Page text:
Rev. Tony Talavera, who manages the French Quarter Wedding Chapel, has hosted more than 13,000 weddings in his 15 years working in the 800-square-foot chapel.
In 2007 he started a movement and ended in a proclamation naming New Orleans the “Romance Capital of the World.”
“Right now we are 40th as a choice for a destination wedding,” he says. “We’re fighting to be first. About 10 percent of our weddings at the chapel are destination weddings.”
One of the reasons Talavera believes we struggle in the destination category is because the time required to get a wedding license in the state. He says this can be blamed on Storyville, our infamous turn-of-the-century red-light district, and the popularity for sailors to come into a port and marry before moving on, leaving a girl in every port.
As a result, he says, an ordinance came into effect.
“If one wishes to marry in New Orleans, you must apply for the marriage license 72 hours before the legal ceremony,” Talavera says. “I’ve worked tirelessly to change this outdated ordinance, so that traveling couples and local elopers alike can act upon their romantic spontaneity and budgets, and marry with ease.”
The price of a marriage license is $27.50, and by statute $12.50 of this fee goes to the Family Violence Trust Fund.
Same Sex Spending
Currently, same sex marriage is legal in 37 states, not including Louisiana. Nationwide, gay and lesbian buying power has been estimated at $830 billion, according to Witeck Communications. This spending influx is having a positive impact on the wedding industry.
Each year LGBT marriages account for approximately $259 million in wedding spending nationwide. In 2011, the first year same-sex marriage was recognized in New York City, the city received a bump in local revenues from wedding spending to the tune of $16 million.
Spending in Louisiana still remains high for commitment ceremonies, which average close to weddings at $23,776 per event.
According to WeddingWire Network, 86 percent of wedding professionals surveyed said they plan on serving same-sex couples. For the wedding professionals who serve this segment, it pays to get the word out. Seventy-two percent of same-sex couples says they specifically look for vendors with LGBT-inclusive language, and 69 percent seek vendors with LGBT-inclusive photos in marketing.
Locally, Gov. Bobby Jindal’s executive order to enact the Marriage and Conscience Act, which prohibits the state from punishing businesses who do not want to cater gay weddings, may have an impact on this growing segment of the wedding industry.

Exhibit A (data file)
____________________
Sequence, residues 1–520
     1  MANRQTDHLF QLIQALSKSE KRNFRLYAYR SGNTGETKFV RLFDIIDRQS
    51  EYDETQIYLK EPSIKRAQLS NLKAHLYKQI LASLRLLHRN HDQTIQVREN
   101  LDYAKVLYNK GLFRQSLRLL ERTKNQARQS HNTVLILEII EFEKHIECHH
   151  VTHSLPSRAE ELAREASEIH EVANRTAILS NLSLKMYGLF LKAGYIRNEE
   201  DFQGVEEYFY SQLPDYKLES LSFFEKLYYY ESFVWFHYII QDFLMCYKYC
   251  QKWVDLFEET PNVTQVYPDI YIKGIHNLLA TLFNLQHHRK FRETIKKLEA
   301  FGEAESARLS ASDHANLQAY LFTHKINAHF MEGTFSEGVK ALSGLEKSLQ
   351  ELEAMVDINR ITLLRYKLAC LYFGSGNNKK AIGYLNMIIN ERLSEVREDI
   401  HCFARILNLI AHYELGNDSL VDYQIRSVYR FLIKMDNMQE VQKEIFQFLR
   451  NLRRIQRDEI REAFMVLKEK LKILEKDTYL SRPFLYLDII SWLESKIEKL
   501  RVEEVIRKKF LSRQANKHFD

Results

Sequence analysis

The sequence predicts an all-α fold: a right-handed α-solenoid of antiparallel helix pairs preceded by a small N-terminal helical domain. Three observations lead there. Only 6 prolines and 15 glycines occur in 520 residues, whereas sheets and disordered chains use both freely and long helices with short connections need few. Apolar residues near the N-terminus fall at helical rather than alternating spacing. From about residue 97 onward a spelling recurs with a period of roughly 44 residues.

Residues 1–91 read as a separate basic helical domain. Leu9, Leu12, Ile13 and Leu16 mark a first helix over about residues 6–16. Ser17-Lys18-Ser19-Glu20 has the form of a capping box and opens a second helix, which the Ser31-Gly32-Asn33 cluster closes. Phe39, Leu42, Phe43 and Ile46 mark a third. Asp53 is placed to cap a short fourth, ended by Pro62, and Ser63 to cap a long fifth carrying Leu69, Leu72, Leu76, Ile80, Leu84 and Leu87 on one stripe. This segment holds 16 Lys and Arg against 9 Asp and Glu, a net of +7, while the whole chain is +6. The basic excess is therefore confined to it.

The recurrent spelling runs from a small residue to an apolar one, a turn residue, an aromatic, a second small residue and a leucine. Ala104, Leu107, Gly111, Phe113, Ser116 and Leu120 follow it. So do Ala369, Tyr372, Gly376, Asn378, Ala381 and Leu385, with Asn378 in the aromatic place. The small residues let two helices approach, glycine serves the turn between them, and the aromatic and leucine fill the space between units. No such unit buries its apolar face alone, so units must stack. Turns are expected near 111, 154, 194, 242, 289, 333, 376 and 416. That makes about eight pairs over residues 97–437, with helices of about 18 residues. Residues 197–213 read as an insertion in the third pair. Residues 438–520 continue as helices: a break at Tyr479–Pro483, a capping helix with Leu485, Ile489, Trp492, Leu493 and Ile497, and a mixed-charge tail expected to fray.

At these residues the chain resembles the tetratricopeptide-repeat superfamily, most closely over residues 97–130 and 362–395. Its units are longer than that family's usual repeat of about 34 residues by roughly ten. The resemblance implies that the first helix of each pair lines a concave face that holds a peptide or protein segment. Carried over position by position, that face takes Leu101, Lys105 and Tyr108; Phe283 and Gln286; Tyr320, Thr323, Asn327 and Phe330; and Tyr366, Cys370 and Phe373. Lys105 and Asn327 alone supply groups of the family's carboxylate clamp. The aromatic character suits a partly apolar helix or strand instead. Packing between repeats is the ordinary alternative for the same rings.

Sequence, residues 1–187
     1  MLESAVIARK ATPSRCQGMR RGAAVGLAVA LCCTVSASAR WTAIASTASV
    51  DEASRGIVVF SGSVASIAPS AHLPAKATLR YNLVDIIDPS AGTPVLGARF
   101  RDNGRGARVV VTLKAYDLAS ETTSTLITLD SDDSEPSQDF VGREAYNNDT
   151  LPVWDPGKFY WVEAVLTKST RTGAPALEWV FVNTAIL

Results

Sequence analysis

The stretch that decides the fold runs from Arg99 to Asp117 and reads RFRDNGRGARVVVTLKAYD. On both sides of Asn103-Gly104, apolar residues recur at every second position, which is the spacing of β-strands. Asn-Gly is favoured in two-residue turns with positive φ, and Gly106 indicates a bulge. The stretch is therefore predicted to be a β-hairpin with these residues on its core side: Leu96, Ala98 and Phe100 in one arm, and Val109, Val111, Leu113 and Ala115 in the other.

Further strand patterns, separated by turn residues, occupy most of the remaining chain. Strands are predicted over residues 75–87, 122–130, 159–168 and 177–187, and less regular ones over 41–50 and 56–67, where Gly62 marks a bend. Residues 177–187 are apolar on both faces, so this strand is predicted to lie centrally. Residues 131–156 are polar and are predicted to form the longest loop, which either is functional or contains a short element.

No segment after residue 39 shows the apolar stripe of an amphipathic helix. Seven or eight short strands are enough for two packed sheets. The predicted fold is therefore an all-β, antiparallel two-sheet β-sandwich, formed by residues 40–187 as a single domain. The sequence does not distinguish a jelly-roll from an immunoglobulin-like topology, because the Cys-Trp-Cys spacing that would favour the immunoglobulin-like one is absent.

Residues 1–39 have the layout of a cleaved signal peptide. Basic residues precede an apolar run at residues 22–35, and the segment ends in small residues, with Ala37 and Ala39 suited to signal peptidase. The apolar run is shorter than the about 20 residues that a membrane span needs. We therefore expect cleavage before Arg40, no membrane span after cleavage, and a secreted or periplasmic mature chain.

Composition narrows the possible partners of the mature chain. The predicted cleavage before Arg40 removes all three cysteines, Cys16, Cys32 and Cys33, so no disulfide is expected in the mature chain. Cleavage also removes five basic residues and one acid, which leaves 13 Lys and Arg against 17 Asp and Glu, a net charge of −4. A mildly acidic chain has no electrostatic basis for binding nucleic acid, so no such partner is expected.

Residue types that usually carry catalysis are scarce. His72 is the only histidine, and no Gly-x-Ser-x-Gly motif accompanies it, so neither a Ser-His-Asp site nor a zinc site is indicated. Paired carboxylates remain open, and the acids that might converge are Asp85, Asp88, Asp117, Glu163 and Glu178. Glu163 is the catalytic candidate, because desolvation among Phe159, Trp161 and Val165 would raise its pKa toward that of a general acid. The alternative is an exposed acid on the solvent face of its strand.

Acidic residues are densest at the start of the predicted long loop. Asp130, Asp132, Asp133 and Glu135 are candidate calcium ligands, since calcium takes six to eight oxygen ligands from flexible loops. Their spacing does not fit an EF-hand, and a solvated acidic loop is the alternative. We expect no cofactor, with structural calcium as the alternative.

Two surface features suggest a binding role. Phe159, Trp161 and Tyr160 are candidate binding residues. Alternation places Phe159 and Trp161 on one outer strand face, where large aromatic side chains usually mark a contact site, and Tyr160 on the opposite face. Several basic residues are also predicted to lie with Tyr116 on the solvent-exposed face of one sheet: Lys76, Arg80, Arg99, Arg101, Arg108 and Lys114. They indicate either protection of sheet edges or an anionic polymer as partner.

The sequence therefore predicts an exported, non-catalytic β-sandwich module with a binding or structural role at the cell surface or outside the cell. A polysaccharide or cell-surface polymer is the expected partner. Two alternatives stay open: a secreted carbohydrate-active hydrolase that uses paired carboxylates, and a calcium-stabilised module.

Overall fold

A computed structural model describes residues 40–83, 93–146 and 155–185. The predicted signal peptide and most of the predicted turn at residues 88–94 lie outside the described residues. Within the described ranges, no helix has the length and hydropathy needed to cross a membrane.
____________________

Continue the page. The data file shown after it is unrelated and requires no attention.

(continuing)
Rev. Charles R. Cross of Wonderful Weddings of New Orleans says he has seen LGBT clients decline in recent years.
“Three years ago, about 10 percent of my business was life partners doing commitment ceremonies,” he says. “But because couples can go to states that have legalized gay marriage now, that side of my business has declined.”
Just like with every other large life expenditure — houses, cars, trips — brides and grooms can buy wedding insurance. Disasters can strike wedding days with anything from cold feet to stolen gifts to a damaged gown.
According to The Knot.com, a basic insurance policy that covers the cost of the loss of photos, videos, attire, presents, rings, and deposits usually costs anywhere between $155 and $550, depending on the amount of coverage requested.General liability insurance, which covers up to $1 million for accidents, costs around $185.
Beyond the numbers
During her work with thousands of engaged couples, Glade says that in the midst of helping her clients navigate topics like photographers getting aerial shots from drones and finding the perfect blend for a Japanese/Jewish wedding, she always offers one important bit of advice.
“You should never go into debt for your wedding,” she says. “Don’t get caught up in the hype. The object is to create a beautiful memory. Try to remember that this celebration should be about your love. You need to honor what you are doing.”
Top Months for Weddings in New Orleans in 2014
• June (1,000 weddings)
• (tie) May and October (991)
• March (901)
• April (810)
Wedding in New Orleans Metro (2014)
• Number of Weddings 9,096
• Average wedding cost $25,148
• Total Sales 2014 $228,746,208
The following is the average amount spent by couples
in New Orleans in 2014 on wedding essentials.
• Wedding dress $1,222
• Tuxedo $204
• Full Service Wedding Planner $3,298
• Month of Wedding Direction $1,234
• Day of Coordinator $923
• Event Location $3,604
• Event Food Service $4,785
• Event Bar Service $2,392
• Event Rentals $1,727
• DJ $698
• Live Band $1,642
• Flower arrangements $464
• Centerpieces $335
• Wedding Favors $230
• Invitations & Reply Cards $234
• Engagement Ring $3,300
• Wedding Bands $1,184
• Wedding Photographer $1,633
• Wedding Videographer $1,050
• Wedding Cake $423
• Rehearsal Dinner $570